Phototransduction is a canonical G protein-mediated cascade of retinal photoreceptor cells that transforms photons into neural responses. Phosducin (Pd) is a Gβγ-binding protein that is highly expressed in photoreceptors. Pd is phosphorylated in dark-adapted retina and is dephosphorylated in response to light. Dephosphorylated Pd binds Gβγ with high affinity and inhibits the interaction of Gβγ with Gα or other effectors, whereas phosphorylated Pd does not. These results have led to the hypothesis that Pd down-regulates the light response. Consequently, it is important to understand the mechanisms of regulation of Pd phosphorylation. We have previously shown that phosphorylation of Pd by cAMP-dependent protein kinase moderately inhibits its association with Gβγ. In this study, we report that Pd was rapidly phosphorylated by Ca 2+/calmodulin-dependent kinase II, resulting in 100-fold greater inhibition of Gβγ binding than cAMP-dependent protein kinase phosphorylation. Furthermore, Pd phosphorylation by Ca 2+/calmodulin-dependent kinase II at Ser-54 and Ser-73 led to binding of the phosphoserine-binding protein 14-3-3. Importantly, in vivo decreases in Ca2+ concentration blocked the interaction of Pd with 14-3-3, indicating that Ca2+ controls the phosphorylation state of Ser-54 and Ser-73 in vivo. These results are consistent with a role for Pd in Ca2+-dependent light adaptation processes in photoreceptor cells and also suggest other possible physiological functions.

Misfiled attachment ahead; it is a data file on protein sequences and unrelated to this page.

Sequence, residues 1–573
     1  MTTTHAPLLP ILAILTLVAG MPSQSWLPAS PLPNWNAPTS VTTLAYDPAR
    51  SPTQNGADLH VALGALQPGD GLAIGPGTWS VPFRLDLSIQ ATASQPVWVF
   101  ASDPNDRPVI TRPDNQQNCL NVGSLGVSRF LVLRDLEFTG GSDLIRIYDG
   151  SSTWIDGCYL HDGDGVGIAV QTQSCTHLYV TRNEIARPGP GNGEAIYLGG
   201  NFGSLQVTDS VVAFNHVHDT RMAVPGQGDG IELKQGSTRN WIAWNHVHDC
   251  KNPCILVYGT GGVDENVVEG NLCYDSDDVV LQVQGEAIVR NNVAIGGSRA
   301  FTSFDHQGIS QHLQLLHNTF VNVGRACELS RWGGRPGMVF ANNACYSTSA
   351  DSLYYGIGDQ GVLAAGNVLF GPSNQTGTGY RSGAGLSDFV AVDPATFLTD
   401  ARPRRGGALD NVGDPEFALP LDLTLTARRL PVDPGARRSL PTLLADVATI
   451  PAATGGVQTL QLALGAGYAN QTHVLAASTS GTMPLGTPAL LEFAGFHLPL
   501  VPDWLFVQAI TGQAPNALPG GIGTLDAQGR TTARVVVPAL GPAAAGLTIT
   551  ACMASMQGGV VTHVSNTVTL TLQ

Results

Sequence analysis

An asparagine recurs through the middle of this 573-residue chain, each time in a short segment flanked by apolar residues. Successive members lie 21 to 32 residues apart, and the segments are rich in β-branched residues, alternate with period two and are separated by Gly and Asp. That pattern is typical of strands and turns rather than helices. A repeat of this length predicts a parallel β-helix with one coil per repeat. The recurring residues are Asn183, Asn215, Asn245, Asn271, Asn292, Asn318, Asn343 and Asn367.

|Original language||English (US)|
|Number of pages||11|
|Journal||Journal of Biological Chemistry|
|State||Published - Jun 29 2001|
ASJC Scopus subject areas
- Molecular Biology
- Cell Biology